Thursday, June 25, 2009

Happy Birthday SPARK!

“It was 20 years ago today, Dr. Sallis taught the band to play.”

Can you believe it, SPARK is 20 years old! Back in June 1989, Drs. Sallis and McKenzie received funding to start the original research project. Their very first employee was Kecia Carrasco, who began as the office manager; and today, Kecia is SPARK’s Fiscal Manager. One of the two first PE specialists hired, B.J. Williston, is still contributing to SPARK content as a co-author of our K-2 and 3-6 manuals, and she’s working on the next edition of SPARK Middle School PE. We have over 10 trainers that have been conducting SPARK workshops for more than a decade, and many other employees that have been “SPARKing” for over 5 years. Jim and Thom hired me in August 1990 to be the Head Teacher in the research study, and it has been a great ride.

All of us “SPARKers,” past and present – hope you’ll continue to be a part of our growing family. Speaking for Jim, Thom, and all of us on the SPARK team – THANK YOU for a great 20 years.

“Dr. Sallis’ lonely SPARKclub band.”

-Paul Rosengard

Thursday, June 18, 2009

Do You Live in a Healthy Neighborhood?

I was recently asked to propose a short list of indicators of a “healthy neighborhood.” The list was to be considered by the San Diego Childhood Obesity Initiative, which is a wonderful coalition working hard to improve environments and policies to support children’s health. I thought others might be interested in the list, so I am sharing it here.

The items represent my understanding of likely physical or built environmental influences on diet, physical activity, and sedentary behaviors. Many of the items are consistent with evidence. I believe the general concepts are sound, but the specific numbers and distances are best guesses. For present purposes I added a few priority indicators for healthy schools and homes.

Healthy food access

  • Supermarket or other source of affordable fresh fruits and vegetables within ½ mile of homes
  • No more than 2 convenience or liquor stores within ½ mile of homes
  • No more fast food than sit-down restaurants within ½ mile of homes
  • Community garden within 1 mile of homes
  • Weekly farmer’s market within 1 mile of homes

Facilities for active recreation

  • Park with play equipment in good working order within ½ mile of homes
  • Parks have walking paths
  • Daily youth activity programs for free or sliding scale fees in all parks
  • Private recreation facility with sliding scale fees within ½ mile of homes
  • Nearest school activity facilities is open for public use

Designing for active transport

  • Sidewalks on every street in neighborhood
  • Pedestrian aids (crosswalks, signal) at intersection with nearest busy street
  • Street pattern creates direct routes from homes to nearby destinations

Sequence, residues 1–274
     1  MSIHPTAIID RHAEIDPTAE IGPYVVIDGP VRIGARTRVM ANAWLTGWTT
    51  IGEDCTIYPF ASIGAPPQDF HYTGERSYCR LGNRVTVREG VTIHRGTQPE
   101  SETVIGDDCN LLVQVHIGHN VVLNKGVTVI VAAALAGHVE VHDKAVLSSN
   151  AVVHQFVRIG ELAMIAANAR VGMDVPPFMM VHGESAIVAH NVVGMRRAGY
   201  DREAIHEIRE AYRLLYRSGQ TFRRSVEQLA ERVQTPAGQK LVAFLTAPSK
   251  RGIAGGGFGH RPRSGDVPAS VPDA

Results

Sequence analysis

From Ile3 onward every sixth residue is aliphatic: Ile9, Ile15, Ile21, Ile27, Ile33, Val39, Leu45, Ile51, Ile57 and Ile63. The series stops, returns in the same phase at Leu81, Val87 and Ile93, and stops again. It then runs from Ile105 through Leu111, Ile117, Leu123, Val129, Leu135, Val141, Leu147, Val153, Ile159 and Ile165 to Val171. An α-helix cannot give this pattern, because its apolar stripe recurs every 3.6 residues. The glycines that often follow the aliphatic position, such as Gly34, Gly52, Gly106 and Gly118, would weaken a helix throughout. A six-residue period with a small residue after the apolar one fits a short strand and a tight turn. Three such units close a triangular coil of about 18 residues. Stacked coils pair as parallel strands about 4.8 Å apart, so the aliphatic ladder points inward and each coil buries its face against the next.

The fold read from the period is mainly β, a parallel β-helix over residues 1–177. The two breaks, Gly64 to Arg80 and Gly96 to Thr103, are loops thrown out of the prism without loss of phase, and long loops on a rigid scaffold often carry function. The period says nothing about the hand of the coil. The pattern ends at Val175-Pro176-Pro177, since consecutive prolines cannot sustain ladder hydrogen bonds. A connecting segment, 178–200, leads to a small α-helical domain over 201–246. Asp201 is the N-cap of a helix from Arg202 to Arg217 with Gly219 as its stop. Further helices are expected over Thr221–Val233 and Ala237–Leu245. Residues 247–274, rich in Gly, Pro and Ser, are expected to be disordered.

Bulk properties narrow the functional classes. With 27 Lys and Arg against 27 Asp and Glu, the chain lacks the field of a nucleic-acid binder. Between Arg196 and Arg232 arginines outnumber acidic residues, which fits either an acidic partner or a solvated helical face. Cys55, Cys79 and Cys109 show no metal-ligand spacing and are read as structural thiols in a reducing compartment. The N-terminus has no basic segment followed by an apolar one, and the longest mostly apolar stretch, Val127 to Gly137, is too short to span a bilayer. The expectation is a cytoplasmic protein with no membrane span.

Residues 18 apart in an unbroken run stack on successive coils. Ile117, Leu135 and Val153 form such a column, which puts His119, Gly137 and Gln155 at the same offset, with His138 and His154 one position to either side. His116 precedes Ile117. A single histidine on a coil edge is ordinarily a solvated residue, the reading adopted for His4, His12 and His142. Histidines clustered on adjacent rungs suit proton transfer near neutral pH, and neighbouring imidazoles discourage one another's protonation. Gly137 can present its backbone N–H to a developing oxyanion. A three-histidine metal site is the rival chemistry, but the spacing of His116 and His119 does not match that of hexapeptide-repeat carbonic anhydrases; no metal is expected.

• Nearest shopping area has sidewalks and safe pedestrian crossings
  • Public transit stop within ½ mile of homes

Healthy school environments

  • Evidence-based physical education offered daily
  • Markings on preschool and elementary playgrounds to stimulate active play
  • Sidewalks, marked crosswalks, and traffic calming within ¼ mile of each school to facilitate safe walking and biking
  • Salad bars with multiple raw food choices daily in every cafeteria
  • Only healthy foods provided at school
  • Convenience stores and fast food restaurants are not within ¼ mile of schools
  • No food advertising in schools

Healthy home environments

  • No televisions in children’s bedrooms
  • Only healthy foods out on the counter for snacking
  • Sports and activity supplies available for both indoor and outdoor play
  • A bicycle or skateboard for every child

James Sallis

Tuesday, June 9, 2009

Rage Against the Political Machine

SPARK was born and bred in California, and while we're proud of our beautiful beaches, mountains, deserts and diversity, when the topic turns to politics, we deflate like a leaky balloon.

That's because when you google, "budget crisis," you see a big picture of the Golden State with a black hole where Sacramento used to be. CA was in terrible economic shape BEFORE the great recession hit. Now, our Governor is actually talking about closing state parks, selling the Del Mar Fairgrounds and racetrack, and other extreme measures to make up for the revenue shortfall. CA is beyond broke -- which connotates no money to spend -- we're in debt, big debt, all the way up to the top of our surfboards.

You know the cycle. Budget woes affect schools, school budgets effect physical education (PE), and politicians begin writing non-sensical legislation. I"m embarassed to say, that a local, San Diego based Assembly-person, Mary Salas, was the ringleader for one of the worst PE inspired ideas since picking teams for dodgeball. She drafted and tried to pass a bill (AB 351) that would allow high school students to take band, ROTC, (et. al.) in lieu of their PE requirement.